This post has been a long time coming, but I’ve written and deleted it about 15 times in the last 2 weeks as I’ve process the experience more and more.  From May 29th until June 2nd I had the privilege of directing Camp Opportunity.  I think I speak for most of us that were involved when I say it was an overwhelmingly positive time of ministry.  Sure there were some frustrating moments, times of doubt about whether we were accomplishing anything and maybe even a couple tantrums, but as I look back those things are clouded by a haze of love, laughter, grace and humility.  It reminds me of a country song (which pains me deeply to say) that talks about this “crazy, tragic, sometimes almost magic, awful, beautiful life.”  I had some of the most fun I’d had in a long time, but somehow left with an aching in my heart that still hasn’t gone away; a deep emotional impact that I’m still trying to figure out the response to…  but we will get to that later.  Perhaps you would like some background.

Each year Heights Church Hands and Feet Ministries puts on a camp for foster children called Camp Opportunity.  The last 3 years we have had the privilege of receiving our campers from a Child Crisis Center in Mesa.  These kids all live together so it’s a fun connection, kind of like a family, and we absolutely love working with their staff every year.  Sometimes we even get to see some of the same kids return, and we always love building on those relationships.  The kids are typically between the ages of 6 and 14 and we will usually have about 15 of them at camp. 

This year, we were so blessed to be able to learn archery, pottery, do arts and crafts, kayak with Tim and Crystal Ryerson at Goldwater Lake, go craw-fishing, ride horses at Horses with Heart, have a dinosaur party, watch movies, build forts, have a campfire and so many other fun activities.  We also had some amazing times of Bible Study with Larraine Spears and we were able to give each of them the gift of a devotional to learn how to apply Biblical principles into their lives.  It was so great to get to know the kids, and one of the woman that works at the shelter told me that since they have been back at least one of the kids has asked her for a Bible.  What an amazing testimony of God using something as simple as one-on-one time with a follower of Christ to leave a child desiring to know Him more and bring Him glory!!  And what a small sacrifice on our part to just love our God in front of someone else and to have them see something that they want.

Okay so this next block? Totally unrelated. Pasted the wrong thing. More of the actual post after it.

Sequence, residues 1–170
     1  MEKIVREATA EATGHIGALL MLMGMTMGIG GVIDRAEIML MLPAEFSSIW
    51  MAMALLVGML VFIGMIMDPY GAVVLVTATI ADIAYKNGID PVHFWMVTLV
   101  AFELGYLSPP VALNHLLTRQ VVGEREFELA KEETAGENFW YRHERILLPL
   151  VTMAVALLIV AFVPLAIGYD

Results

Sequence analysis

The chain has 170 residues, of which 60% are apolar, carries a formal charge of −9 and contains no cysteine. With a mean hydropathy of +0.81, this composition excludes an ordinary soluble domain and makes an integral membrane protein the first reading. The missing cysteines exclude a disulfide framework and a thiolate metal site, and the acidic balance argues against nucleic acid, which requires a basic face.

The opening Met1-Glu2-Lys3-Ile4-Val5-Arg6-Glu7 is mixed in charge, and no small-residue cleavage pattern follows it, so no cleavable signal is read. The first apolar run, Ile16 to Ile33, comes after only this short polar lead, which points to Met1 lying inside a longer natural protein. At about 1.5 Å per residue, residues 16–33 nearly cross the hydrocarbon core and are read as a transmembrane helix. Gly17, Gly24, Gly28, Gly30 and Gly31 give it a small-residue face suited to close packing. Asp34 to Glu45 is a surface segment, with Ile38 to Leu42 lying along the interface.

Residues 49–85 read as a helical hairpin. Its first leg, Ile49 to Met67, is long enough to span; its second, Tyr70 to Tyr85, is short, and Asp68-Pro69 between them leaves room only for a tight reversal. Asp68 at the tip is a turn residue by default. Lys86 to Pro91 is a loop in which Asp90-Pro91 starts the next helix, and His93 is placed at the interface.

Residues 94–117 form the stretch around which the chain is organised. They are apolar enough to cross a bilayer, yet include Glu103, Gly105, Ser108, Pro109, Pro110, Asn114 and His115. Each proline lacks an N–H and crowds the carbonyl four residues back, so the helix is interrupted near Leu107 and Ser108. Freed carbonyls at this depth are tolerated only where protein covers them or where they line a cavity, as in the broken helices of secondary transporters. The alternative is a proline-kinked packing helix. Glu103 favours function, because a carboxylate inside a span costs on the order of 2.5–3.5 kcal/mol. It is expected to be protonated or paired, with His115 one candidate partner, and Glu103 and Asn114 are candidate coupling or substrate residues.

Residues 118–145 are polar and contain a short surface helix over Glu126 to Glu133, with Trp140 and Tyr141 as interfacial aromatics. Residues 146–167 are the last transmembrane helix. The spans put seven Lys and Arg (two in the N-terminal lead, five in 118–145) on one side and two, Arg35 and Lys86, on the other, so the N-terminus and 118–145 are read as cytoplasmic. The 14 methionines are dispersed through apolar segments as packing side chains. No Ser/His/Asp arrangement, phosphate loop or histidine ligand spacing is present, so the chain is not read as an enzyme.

The last day each of the mentors told their campers how much the appreciated their time together and named a treasure that they saw in them.  It was a time full of hugs and moments that I was pretty close to tears as I realized how quickly they had each become so important to me.  While we ate our last meal together they took turns standing and singing Bruno Mars songs, and songs they had written themselves.  We packed, cleaned and then they got on the bus to head back to the Center.  This was especially difficult for me to accept this time around and as my husband and had fallen in love with these kids we were asking ourselves if we should be willing to be an answer to our own prayers that these kids find a loving home.   At the same time we were wondering if it was purely an emotional reaction, or is it God tugging on our hearts, calling us to act.  I still don’t know if God would want to place children in our home, but this verse from Joshua keeps coming to my mind:

But if serving the Lord seems undesirable to you, then chose for yourselves this day whom you will serve…  But as for me and my household, we will serve the Lord

Even if it may be difficult we would like to serve the Lord however He asks so we are going to get licensed and see what God does.  We will be visiting the Center this summer, and hopefully again closer to Christmas.  I hope the time we spent with them has shown them how loved they are, not only by the people in their lives, but more importantly, by a God that desires relationship with them so much that he would send 15 people to the middle of nowhere to just spend time with them.


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